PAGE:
The Sunday Times Economic Analysis                 By the Economist  

The case for and against fertiliser subsidies
In a recent television programme, Rupees and Sense, former Finance Minister and current Senior Adviser of the Ministry of Finance was posed a question that appeared to be an uncomfortable one. In the event, it turned out to be an excellent opportunity for Mr. Ronnie de Mel to give his views on the pros and cons of subsidies, without compromising on either his past role or his current position.

Many viewers may have missed the subtleties of his answer.
The question was direct and apparently simple. "Do you think the fertiliser subsidy is an investment?"The answer was knowledgeable, subtle and skillful. He went back to his period as Finance Minister when he gave across the board subsidies on fertiliser in the face of opposition by the World Bank and IMF.

He tamed these institutions, he told us, by inviting their heads here and showing them the dire conditions of our farmers. So Mr. de Mel implied he was for fertiliser subsidies in the public interest. There were two subtle points he made almost en passé. These were vital ones in the current situation. He said, almost casually, that the cost of the subsidy then was much less than today and that he gave the fertiliser subsidy for all cultivations. These in fact are the two important points that have to be considered. Is the cost of the subsidy too high to bear? Is it practical to give only a limited number of farmers this subsidy?

The cost of fertiliser has risen in the market and is likely to continue rising as it is a petroleum based product. The total cost of the fertilizer subsidy is huge. It is expected to be around Rs. 8.5 billion for paddy and in total the paddy subsidy is estimated at Rs. 10 billion. In fact it could rise if oil prices rise further. Since the fertiliser subsidy is not the only large subsidy and transfer payment, the total cost of these expenditures have an important bearing on the fiscal deficit. Therefore inflationary pressures are significant even though the fertiliser subsidy would have a beneficial impact on production. It is owing to this problem that the crafters of the budget restricted the subsidy to genuine paddy farmers. Therein lies another tricky problem that we will discuss later.

There are no doubt benefits from the fertilizer subsidy. Fertiliser cost would be more affordable to farmers and thereby it should make a contribution to paddy production and productivity. Consumers would also be benefited indirectly owing to the resultant reduction in the cost of paddy production. Therefore market prices for paddy are likely to be lower than if fertilizer was not subsidised. Consequently, the subsidy has a deflationary impact as well as an inflationary push. Mr. de Mel made the point that he introduced an across the board subsidy for all crop fertiliser.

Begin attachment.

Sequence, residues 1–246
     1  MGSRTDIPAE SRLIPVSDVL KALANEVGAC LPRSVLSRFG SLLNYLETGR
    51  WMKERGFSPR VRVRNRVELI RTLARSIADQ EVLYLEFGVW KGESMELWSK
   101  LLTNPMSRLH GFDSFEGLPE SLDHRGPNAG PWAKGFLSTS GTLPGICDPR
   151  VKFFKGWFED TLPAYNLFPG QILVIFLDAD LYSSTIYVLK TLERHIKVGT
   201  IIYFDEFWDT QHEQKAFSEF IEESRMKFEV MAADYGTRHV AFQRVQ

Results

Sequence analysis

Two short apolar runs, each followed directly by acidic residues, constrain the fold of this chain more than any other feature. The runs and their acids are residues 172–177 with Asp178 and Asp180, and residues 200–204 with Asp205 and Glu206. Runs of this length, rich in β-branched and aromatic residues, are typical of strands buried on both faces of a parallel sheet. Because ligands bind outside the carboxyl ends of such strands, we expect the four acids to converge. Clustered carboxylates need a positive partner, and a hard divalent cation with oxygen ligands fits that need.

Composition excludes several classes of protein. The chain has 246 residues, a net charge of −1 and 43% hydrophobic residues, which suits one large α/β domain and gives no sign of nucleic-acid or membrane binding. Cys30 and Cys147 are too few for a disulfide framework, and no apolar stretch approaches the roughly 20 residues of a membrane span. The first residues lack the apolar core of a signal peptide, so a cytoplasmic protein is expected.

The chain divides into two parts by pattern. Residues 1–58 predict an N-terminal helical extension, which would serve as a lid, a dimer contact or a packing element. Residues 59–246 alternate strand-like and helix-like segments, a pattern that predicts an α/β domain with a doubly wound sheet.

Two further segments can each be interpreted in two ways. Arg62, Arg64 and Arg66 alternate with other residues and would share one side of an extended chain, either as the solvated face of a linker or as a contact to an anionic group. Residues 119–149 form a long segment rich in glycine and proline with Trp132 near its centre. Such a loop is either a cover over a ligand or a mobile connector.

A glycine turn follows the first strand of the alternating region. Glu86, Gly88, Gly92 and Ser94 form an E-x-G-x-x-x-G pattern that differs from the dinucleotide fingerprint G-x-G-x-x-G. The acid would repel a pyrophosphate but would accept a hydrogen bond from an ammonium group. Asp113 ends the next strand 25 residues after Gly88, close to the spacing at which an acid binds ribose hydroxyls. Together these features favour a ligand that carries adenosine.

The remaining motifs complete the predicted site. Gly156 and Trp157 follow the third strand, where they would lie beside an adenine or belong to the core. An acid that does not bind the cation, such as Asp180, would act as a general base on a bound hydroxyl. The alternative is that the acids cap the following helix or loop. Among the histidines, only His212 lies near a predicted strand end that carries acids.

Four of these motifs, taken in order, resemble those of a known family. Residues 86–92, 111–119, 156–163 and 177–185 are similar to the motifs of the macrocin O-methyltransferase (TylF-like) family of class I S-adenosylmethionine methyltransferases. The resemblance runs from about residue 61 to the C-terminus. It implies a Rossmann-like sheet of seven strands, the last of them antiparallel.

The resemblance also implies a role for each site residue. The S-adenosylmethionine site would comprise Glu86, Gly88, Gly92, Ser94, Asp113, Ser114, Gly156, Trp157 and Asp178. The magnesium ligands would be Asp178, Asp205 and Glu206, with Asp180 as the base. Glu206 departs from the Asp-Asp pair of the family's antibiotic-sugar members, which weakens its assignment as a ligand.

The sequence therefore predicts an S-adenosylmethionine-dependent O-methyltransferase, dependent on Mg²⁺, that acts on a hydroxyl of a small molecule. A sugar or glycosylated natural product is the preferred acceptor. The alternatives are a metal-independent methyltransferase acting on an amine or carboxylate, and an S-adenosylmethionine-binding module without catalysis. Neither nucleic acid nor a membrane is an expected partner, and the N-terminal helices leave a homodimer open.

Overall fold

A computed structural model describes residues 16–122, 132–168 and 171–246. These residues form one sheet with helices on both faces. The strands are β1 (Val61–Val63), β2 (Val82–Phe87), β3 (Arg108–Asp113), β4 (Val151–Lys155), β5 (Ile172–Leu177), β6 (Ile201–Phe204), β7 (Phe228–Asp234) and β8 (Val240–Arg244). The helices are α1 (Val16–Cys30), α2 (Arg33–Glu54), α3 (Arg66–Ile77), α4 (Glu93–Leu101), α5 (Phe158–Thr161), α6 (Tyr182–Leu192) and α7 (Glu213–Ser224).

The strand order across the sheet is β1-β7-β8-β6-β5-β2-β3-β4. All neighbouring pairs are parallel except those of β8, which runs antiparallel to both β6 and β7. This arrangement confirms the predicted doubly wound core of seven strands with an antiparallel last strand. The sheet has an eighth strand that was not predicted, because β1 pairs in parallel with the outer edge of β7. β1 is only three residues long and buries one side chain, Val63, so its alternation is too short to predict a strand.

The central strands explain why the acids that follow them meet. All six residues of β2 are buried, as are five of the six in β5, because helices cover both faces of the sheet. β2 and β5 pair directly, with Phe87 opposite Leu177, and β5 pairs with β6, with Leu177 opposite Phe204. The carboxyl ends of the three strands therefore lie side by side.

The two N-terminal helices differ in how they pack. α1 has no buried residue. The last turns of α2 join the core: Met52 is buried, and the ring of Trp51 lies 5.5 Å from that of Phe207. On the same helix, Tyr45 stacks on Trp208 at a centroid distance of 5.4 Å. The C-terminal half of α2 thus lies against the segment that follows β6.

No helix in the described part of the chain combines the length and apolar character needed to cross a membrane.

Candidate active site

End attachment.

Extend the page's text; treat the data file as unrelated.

This no doubt would be difficult to achieve in the current context of high import prices of fertiliser. But restricting the subsidy to genuine farmers is wrought with serious problems that could defeat the objectives of the subsidy. The fertiliser subsidy currently being implemented is meant to be given to genuine farmers, who can prove their credentials and they would be given a quota depending on the extent cultivated. That is a modus operandi that will result in intended beneficiaries not getting fertiliser.

The inherent deficiency is that when the market price is higher than the subsidised price, corruption to get hold of fertiliser at the lower subsidised price is inevitable. The recipients of the fertiliser at the much-subsidised price would in many cases be not the intended beneficiaries but others with influence and those who can bribe the distributors of the fertiliser. The seeds of corruption are within the policy proposal itself. Those with a capacity to influence the decision makers, such as officers implementing and distributing the subsidised fertiliser, powerful politicians and traders would get hold of the fertiliser and re-sell it at higher prices. This is inevitable. Only some farmers would obtain the requisite quantity of fertiliser at the subsidised price. The intended beneficiaries would be limited, the unintended beneficiaries quite large.

A fertiliser subsidy could make an important contribution towards increasing agricultural production and reducing the costs of production. Yet when such a subsidy is large and combined with other subsidy measures and welfare payments, the fiscal impact is detrimental to price stability. Further when the subsidy is large and given to selected individuals, it is likely to reach many unintended beneficiaries. These are the reasons for arguing that the present fertiliser policy could be costly and yet not achieve its stated objectives.

The objectives of subsidising fertiliser to farmers and reducing the cost of production would have been much better served had all fertiliser been subsidised at source and distributed unreservedly. This would have meant that there was no need for persons other than farmers to get hold of fertiliser. Farmers would then have had access to fertiliser at the subsidised price. Under such a scheme farmers would have obtained their fertiliser in time and in the quantities required. The objectives of increased productivity and production and improvement in farmer incomes would have been achieved. Unfortunately such a policy is too costly. The fertiliser subsidy that is being implemented is less costly but will not reach many farmers and therefore its objectives hardly served.

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